How to Prepare Event Staff for an Armed Attack

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Preparing for a potential armed attack at your event is something no one wants to talk about. Of all the things that can wrong at an event, nothing is more frightening than a deadly assault—take the nightclub massacre in Orlando and other recent shootings for example. But preparing for potential threats doesn’t require turning your staff into armed security forces, says Jay Hart, SWAT commander with the Los Angeles County Police. He offers a few easy, low-cost tips for event planners that can save lives in the event of an emergency.

You don’t need to be a hero to increase event safety.

An act of violence almost always brings about litigation, so the training you give your staff must be legally defensible. “No employee is required to jump in front of a bad guy,” says Hart—unless, of course, that employee is a security officer. Instead, Hart advises focusing your training on what employees need to do to protect themselves. For example, in telling staff to “stop, look and listen,” explain that “stop” means “don’t walk into danger.”

Event staff plays a crucial role.

An attack by an active shooter usually lasts about three to five minutes. Although that’s a terribly long time for someone with bad intentions and multiple firearms, it is unfortunately much shorter than the average law enforcement response time of seven to 10 minutes. As a result, police often arrive on the scene too late. Because event staff is always there first, they need preparation.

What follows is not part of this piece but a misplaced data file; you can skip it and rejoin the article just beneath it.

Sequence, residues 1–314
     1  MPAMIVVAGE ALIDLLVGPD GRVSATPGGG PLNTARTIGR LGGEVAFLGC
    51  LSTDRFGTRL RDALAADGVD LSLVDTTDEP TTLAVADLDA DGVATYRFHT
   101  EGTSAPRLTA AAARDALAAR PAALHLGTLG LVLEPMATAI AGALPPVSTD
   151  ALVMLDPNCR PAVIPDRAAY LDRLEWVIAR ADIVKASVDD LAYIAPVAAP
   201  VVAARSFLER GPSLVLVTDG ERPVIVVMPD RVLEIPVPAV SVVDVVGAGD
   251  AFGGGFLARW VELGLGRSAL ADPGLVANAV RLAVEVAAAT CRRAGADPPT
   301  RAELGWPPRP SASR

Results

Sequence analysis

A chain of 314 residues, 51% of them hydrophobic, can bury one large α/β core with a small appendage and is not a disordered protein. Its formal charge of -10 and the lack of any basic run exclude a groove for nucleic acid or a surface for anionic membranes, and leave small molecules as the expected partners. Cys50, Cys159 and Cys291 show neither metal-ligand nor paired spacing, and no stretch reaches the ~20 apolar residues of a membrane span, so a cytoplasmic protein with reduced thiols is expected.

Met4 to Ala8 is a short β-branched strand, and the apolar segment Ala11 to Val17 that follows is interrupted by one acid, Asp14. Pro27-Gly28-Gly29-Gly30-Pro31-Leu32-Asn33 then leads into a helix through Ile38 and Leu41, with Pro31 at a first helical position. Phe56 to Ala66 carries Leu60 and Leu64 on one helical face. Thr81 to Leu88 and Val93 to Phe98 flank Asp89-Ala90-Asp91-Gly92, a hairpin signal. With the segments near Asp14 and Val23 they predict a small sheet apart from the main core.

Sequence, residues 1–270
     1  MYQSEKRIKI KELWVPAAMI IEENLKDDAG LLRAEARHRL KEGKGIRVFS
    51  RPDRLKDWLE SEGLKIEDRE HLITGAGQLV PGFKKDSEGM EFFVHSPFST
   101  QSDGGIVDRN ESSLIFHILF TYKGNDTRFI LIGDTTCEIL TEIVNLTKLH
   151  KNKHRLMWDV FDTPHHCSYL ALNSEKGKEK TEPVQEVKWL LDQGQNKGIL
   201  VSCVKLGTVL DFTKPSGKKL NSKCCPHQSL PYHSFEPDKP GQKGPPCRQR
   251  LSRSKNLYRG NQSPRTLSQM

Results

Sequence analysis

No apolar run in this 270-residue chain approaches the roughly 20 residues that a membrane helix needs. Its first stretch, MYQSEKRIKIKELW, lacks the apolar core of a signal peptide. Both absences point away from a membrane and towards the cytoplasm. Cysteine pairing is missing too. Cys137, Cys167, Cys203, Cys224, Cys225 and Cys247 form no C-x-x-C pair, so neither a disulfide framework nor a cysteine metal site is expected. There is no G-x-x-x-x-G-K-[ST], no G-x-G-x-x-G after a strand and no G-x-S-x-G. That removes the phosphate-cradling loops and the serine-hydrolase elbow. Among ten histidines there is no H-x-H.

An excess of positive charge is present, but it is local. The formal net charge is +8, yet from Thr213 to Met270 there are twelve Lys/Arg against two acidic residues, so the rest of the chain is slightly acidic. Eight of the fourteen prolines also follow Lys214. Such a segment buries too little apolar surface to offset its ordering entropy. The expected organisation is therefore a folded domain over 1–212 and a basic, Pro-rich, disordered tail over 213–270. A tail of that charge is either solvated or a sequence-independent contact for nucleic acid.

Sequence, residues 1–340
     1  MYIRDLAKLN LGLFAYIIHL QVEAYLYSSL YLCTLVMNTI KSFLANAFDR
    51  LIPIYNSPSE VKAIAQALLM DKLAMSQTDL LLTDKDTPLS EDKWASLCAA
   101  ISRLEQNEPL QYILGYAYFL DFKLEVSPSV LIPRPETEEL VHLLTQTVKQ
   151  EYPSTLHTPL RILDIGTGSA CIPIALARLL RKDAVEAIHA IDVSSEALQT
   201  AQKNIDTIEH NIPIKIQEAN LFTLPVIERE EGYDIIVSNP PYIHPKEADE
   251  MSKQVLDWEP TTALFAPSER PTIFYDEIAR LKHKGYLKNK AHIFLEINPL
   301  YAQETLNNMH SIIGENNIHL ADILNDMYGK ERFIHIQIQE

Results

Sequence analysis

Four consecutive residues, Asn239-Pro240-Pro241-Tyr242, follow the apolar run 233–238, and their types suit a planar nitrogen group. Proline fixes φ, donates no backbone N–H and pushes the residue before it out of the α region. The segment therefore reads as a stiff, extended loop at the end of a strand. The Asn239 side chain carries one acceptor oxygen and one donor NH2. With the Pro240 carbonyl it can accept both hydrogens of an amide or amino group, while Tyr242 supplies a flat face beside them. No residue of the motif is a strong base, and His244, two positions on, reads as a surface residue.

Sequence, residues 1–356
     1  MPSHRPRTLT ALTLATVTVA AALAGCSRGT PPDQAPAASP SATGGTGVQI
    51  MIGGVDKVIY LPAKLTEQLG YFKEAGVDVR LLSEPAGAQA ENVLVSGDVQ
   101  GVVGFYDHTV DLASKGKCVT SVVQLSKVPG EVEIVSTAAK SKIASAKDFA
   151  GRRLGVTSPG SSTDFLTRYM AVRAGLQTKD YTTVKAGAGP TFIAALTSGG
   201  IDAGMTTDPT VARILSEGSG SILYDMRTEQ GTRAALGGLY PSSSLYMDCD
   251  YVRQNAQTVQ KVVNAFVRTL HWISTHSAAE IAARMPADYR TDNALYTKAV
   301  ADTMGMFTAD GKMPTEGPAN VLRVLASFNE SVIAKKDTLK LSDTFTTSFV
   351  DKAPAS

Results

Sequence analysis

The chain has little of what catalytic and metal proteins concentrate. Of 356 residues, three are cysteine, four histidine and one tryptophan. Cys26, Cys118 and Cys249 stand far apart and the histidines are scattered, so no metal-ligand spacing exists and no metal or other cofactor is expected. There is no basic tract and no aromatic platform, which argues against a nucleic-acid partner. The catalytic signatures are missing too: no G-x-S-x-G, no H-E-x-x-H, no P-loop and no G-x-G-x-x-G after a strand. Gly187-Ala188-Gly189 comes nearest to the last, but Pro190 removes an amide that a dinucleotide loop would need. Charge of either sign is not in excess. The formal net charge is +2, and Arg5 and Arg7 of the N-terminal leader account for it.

Reach out to local police before your event.

The more local law enforcement knows about your event ahead of time, the better it can protect you and your group. Many police departments have special intelligence units that can send officers out to advise your team in advance, says Hart. If they cannot dedicate resources specifically to your private event, they may be able to deploy officers nearby, which speeds response time to any emergency.

Teach your staff when and how to speak up.

The Homeland Security slogan “See something, say something” is a helpful guide. Yet many people hesitate to sound an alarm until they’re sure they’re in a real emergency, so they call their manager first. Such delays are a costly mistake. Encourage your event staff that if they see, hear or smell something suspicious, it’s better to err on the side of caution and let law enforcement sort through the ambiguity, as they’re trained to do, says Hart. Teach your staff what to be alert for (screaming or gunshots, for example), so they don’t second-guess themselves during a crisis. “Empower your people to call 911,” Hart says.

Consider just-in-time training.

Although practice drills can be effective, they’re too easy to do wrong, says Hart, and they only work well after staff has had time to practice what they’re being trained to do. Instead, he recommends planners go over safety tips with their crew as close as possible to the start of the event. For example, let greeters know where to send people who aren’t on the guest list, and point out the nearest exits to all event staff. “They need to have an idea of what their options are (i.e., whom to call, where to direct guests, important parts of your event emergency plan) and do a mental rehearsal so they can make informed choices,” Hart says. “What we don’t want people to do is make [split decisions] in the moment.”